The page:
AM Radio Receiver With Additional IF Stage
Pictured above is the same circuit with an additional IF stage added for greater sensitivity. Overall gain can be adjusted with the 1K resistors in the emitter leg of the 2N3904 transistors. The circuit board was assembled using multiturn 10K pots in place of the 1K resistors and then adjusted for best performance. The pots are the 2 little blue items just to the left of the tuning cap. I think I ended up with about 750 ohms. The emitter bypass caps are not needed since there is plenty of gain available without them. The caps (two yellow items near the pots) are still in the board but not connected. I didn't know if they were needed or not, so I put them in there anyway and later disconnected them. Removing the bypass caps also increases the input impedance so that both IF stages can use the black IF coils which have higher secondary impedances (and thus more voltage) than the yellow or white coils. You might be able to replace the yellow coil with a black one for greater signal transfer since the input to the first transistor is much higher without the bypass cap, but I didn't try it. You may notice one of the black coils is actually white in the picture but it was rewound for a higher secondary impedance. Actually, it was removed from a junk radio purchased for a dollar and didn't have any secondary, so I added a 27 turn secondary which is close to what the black coils use. Overall, the performance is very good except for the AGC circuit, which has limited range and may not be able to compensate for very strong stations which may overload the circuit. The AGC voltage is derived from the IF amplitude at the cathode of the detector diode (output of T4). As the IF amplitude increases, the DC voltage at the gate of the JFET will move negative, below ground. The audio signal is present on both the gate and source terminals of the JFET, but the audio DC offset voltage will change as the IF amplitude changes. This DC voltage (about 2 volts) is fed back through a 15K resistor and the two IF coil secondaries to control the transistor bias points. The audio signal is filtered out by the 47uF cap leaving a stable DC voltage at the base of the transistors. As the base voltage drops, the emitter voltages also drop resulting in less operating current and lower gain for two IF stages. But the range is limited to maybe only 6-12dB which isn't enough to compensate for very strong signals. One solution to the problem is a manual gain control consisting of a switch and a few turns of wire around the antenna coil which can be seen in the picture (3 turns of solid insulated white wire on left side of loopstick). Closing the switch loads the antenna coil and reduces the signal level. Notes: IF transformer data and Mouser part numbers can be found at: http://www.electronics-tutorials.com/filters/if-amplifier-transformers.htm There are a couple different versions of the yellow and black transformers. The total turns used and position of the tap varies with the version. I'm not sure which is better, or which ones I used since they were recovered from old radios. However, either version should be driven using the shortest section of the primary. This means connecting the transistor collector to either the tap or the end closest to the tap and the power connection to the other point. Leave the transformer end farthest from the tap unconnected. You can use a DMM to measure the resistance from the tap to each end of the primary to determine which end is closest to the tap. Resistance will probably be a couple ohms or less. A couple sources for ferrite rods for antenna loopsticks can be found at the links below but the longer rods are expensive ($25 for a 5.6 inch rod). The second source has 7.5 inch rods for $20. You may also find them on ebay. http://www.stormwise.com/page26.htm http://www.universal-radio.com/catalog/misc/amidon.html A source for a miniture variable tuning capacitor was found at "Ocean State Electronics" http://www.oselectronics.com/ose_p98.htm Near the bottom of the page is the listing: Miniature 2 Gang Poly-film Variable Tuning Capacitor For Broadcast Band " Tunes AM band from 540Khz to 1600Khz. Ideal variable tuning capacitor for miniature circuitry and use as exact-duplicate replacement in current transistor receivers. Rotates through a full 180 degrees Maximum capacity: Antenna section. 15-140PF, Oscillator section, 10-60PF. Trimmer capacity: variable to over 12PF. Trimmer adjustment on rear of case. Completely enclosed to clear polyethylene plastic case to protect plates. Includes calibrated dial, screw, and knob. Small size, 3/4" Square x 1/2" Deep. BC-540...........$3.95 " If you use this cap or similar from an old miniture radio, the antenna loopstick inductance will need to be about 600uH to tune 550KHz with the capacitance at maximum (140pF). This amounts to about 80 turns on a 4 inch, 3/8 diameter ferrite rod. Shorter rods will need more turns.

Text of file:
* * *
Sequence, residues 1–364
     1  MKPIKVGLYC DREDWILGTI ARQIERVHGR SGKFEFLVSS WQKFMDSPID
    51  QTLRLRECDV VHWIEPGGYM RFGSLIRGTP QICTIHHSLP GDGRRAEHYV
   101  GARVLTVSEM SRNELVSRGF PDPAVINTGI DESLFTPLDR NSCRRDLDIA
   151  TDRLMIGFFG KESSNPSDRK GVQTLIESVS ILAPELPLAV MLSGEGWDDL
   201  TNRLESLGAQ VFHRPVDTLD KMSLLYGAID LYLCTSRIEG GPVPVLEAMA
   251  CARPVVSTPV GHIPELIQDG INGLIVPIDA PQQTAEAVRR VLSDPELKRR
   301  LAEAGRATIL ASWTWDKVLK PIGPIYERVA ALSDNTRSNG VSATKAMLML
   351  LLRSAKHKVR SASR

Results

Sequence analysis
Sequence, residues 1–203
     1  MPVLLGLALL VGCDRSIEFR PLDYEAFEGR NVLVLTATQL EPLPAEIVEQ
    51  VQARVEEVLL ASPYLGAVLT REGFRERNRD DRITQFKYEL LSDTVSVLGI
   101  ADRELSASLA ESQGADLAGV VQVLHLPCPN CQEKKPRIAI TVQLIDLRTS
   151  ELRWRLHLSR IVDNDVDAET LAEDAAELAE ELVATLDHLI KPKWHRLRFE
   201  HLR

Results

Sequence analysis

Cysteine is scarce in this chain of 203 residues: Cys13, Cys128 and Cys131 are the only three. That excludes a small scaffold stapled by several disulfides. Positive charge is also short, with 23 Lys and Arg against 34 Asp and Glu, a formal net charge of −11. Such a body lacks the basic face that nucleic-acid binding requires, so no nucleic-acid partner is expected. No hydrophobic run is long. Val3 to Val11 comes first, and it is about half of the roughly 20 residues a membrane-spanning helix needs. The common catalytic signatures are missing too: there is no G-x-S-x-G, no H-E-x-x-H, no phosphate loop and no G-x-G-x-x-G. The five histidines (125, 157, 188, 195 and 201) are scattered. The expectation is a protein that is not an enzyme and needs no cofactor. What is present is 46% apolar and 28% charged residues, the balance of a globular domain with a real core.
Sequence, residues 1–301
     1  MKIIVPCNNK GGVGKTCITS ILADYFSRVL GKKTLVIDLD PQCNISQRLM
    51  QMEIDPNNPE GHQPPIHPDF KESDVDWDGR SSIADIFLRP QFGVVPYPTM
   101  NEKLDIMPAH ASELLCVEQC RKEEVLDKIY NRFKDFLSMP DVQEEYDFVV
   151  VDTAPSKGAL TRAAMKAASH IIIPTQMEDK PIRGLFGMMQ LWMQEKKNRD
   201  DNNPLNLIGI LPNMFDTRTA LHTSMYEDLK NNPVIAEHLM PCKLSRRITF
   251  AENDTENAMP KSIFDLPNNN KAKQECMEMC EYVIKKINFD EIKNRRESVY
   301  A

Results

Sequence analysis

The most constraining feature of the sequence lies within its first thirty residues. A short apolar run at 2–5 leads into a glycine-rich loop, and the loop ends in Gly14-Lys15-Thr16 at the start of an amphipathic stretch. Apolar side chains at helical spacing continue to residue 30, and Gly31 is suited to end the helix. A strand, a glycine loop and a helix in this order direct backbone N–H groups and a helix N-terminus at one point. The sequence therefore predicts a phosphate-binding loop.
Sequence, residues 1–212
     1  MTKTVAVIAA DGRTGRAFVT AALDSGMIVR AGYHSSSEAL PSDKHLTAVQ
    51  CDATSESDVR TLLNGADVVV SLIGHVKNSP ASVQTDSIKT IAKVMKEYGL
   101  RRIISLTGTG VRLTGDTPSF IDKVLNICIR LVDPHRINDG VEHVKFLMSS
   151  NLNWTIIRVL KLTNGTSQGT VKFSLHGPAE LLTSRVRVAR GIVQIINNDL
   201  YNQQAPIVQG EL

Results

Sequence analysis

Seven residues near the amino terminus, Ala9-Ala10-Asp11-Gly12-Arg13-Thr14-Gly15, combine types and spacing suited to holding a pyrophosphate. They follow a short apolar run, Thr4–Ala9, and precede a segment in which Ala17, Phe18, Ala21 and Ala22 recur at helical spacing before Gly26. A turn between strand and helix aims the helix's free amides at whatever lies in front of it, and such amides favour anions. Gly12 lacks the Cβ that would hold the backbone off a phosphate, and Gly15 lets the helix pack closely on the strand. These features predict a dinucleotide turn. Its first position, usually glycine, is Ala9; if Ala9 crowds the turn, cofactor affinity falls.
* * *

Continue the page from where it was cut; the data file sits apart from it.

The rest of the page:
Loop Antenna for AM Radio
A loop antenna can greatly improve medium wave reception. Loop antennas are directional and receive signals along the plane of the windings. The directional quality improves signal to noise ratio of the desired signal while rejecting signals perpendular to the plane of the windings. Larger loops are better than smaller ones but good results can be obtained from moderate sizes of one or two feet on a side. The shape doesn't make much difference so the loop can be circular, rectangular or a triangle shape. The main idea is to cover as much area as possible, so I would imagine a circular loop would be the best. The loop pictured here measures 15 inches on a side and is about 1.5 inches wide. It was wound with 16 turns of #35 copper wire, and has a Q of about 100 at 600 KHz. Larger guage wire might have been better (less resistance) and therefore higher Q and selectivity, but the arrangment here works pretty well with a bandwidth of about 6Khz at 600Khz. The loop is tuned with a 30-365 pF capacitor and covers the standard broadcast band of 550-1700 KHz. The antenna signal is inductively coupled to the radio's internal ferrite rod antenna so no wire connections are needed. Simply place the radio near the loop antenna and adjust the position(s) for best results. You may have to adjust the tuning of both the radio and antenna several times for optimum results.
More detailed information on loop antennas can be found at: AM Loop Antennas A calculator for figuring the number of turns needed for various rectangular loops can be found here: Loop Loop Antenna Calculator - By Bruce Carter